Childhood is hell.
Childhood is a hell where we suffer more than ever because children do not know that they are suffering. Although emotional abuse awareness has lately increased in society, most children are still being abused, especially by their parents. Many families have always been negligent. Despite everything, they have survived generations and generations and continue to live in modern times.
Child abuse presupposes that someone has a child. We define basic conditions to mean as simple as food, school, or health, but sometimes the affection and attention that “being so simple’’, for certain families, can become a difficult responsibility. Furthermore, this responsibility does not start after birth, but as soon as the pregnancy begins. Children are born with a history of nine months.
Neglect and abuse result from a complex combination of individual, family, and social factors. Being a single mother or father, being poor, having problems with drug or alcohol abuse, and/or having a mental problem (such as personality disorders or low self-esteem) can make a parent more likely to practice neglect or abuse against the child. Besides, adults who have suffered physical or sexual abuse as children are more likely to abuse their own children. Neglect is identified twelve times more often in children living in poverty than those who do not.
First-time parents, teenage parents, and parents who already have several children under the age of five are also at an increased risk of abusing their children. Women who do not seek antenatal care, who smoke, practice drug abuse, or have a history of domestic violence during pregnancy may be at risk of abuse against their children. In these cases, sometimes strong emotional bonds between parents and children do not develop. This absence of emotional ties occurs more often in premature babies or sick babies separated from their parents in early childhood. Since mothers and babies are not able to have time with each other, they may not create an emotional bond which is vitally important to new-born babies.
Parents, too often, do not harm their children on purpose. However, as we do not allow our children to express their feelings as adults do, we assume that we know what is best for them, and the abuse becomes acceptable. Alice Miller, the famous Polish-Swiss psychotherapist, says in one of her books, ‘’Parents are indeed capable of routinely torturing their children without anyone interceding.’’ She also admits that she was very far away from being an ideal mother, but she learned from her own experience that children are the most vulnerable human beings for being children. We can see this fact through a simple example; when someone starts harassing an adult in public, other people interfere and defend the person who is being harassed. Nevertheless, if an adult harasses a kid, people usually stay quiet and let the abuse happen. Though it is obvious that children are weaker than adults and cannot defend their rights against older people, they are less protected than adults. This is nonsense hypocrisy and still exists.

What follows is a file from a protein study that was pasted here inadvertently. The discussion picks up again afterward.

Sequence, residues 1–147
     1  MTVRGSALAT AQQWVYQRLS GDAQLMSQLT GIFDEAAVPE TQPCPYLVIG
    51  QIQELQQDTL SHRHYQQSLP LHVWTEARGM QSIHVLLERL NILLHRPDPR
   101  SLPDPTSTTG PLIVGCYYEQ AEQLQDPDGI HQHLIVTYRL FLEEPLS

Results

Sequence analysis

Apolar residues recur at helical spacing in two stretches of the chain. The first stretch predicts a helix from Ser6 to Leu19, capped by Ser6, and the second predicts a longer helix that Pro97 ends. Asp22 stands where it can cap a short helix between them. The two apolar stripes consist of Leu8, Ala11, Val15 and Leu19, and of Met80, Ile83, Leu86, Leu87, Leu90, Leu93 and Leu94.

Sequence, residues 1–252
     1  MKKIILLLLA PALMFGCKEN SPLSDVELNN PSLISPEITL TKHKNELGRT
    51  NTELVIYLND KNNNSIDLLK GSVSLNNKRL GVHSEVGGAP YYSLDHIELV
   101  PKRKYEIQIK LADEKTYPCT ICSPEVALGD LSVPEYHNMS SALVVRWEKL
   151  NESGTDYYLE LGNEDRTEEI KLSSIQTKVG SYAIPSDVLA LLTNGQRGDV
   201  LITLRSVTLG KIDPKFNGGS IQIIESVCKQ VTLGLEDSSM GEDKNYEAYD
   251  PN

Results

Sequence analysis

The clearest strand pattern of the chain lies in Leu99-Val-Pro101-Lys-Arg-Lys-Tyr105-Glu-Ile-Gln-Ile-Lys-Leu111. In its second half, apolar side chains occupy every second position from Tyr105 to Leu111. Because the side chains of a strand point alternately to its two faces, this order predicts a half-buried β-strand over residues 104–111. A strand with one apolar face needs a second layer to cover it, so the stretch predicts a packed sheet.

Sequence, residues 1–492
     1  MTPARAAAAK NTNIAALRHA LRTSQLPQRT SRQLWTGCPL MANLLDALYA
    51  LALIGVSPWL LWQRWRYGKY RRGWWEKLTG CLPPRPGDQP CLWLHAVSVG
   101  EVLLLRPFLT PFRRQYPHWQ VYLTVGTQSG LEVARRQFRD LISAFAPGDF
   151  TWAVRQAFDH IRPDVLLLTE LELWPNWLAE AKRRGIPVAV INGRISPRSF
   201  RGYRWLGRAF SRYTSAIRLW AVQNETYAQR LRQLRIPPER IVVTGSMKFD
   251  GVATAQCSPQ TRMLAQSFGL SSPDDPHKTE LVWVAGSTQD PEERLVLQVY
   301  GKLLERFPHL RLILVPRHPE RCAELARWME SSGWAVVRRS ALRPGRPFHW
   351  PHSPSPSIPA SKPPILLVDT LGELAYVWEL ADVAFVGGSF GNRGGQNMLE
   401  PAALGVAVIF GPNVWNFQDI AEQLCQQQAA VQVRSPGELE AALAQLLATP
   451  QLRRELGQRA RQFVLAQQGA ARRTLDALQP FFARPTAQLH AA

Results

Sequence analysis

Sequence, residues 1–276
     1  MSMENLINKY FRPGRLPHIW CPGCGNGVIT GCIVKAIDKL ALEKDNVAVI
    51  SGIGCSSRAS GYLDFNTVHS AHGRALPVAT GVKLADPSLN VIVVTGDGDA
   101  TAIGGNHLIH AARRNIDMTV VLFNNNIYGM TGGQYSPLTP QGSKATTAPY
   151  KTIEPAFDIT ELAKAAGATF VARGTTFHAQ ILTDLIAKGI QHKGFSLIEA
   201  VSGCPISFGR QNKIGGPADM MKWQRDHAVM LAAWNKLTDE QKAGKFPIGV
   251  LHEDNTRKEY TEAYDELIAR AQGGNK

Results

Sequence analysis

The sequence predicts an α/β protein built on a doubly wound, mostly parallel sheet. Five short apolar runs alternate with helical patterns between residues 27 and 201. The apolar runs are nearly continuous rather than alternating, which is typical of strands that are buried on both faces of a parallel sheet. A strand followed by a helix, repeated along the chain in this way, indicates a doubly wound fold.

The belief that parents want the best for their kids may be true for most caregivers, and our society believes that parents own their kids. Therefore, emotional abuse is legitimated by people. Moreover, children that are victims eventually become culpable because normal attitudes such as crying, running, rejecting food are seen as a fault when they are done by a kid. Thus, according to the common belief, the punishment is acceptable, even deserved.
Need a reference for Alice Miller.
Need a reference for “Neglect is identified twelve times more often in children living in poverty than those who do not.”
Aquarela, the emotional impact of your material here is so devastating I can’t believe you have spared just 575 words for it.
This paragraph alone deserves 1000 words:
Whole books have undoubtedly been devoted to the several big ideas you casually toss off here:
1. Our society believes that parents “own” their kids. Children are property.
2. Society therefore legitimizes emotional abuse (as long as it doesn’t cross the line into physical abuse).
3. Children are too often disbelieved when they exhibit behaviors that should alert us to abuse.
4. Their cries for attention are interpreted as “acting out,” or “rebellious youthfulness,” and therefore deserving of “corrective action” by their parents.
This is incredibly rich. Frightening and credible. I’m afraid it’s mostly “causal,” not “categorical,” so it probably rightly belongs in a different short argument, but we can work around that.
I admire you and your ambition for tackling this tough topic. Please give it the full attention it deserves if you have the time to devote to the project. There’s SO MUCH MORE TO SAY about what you’ve barely touched on here.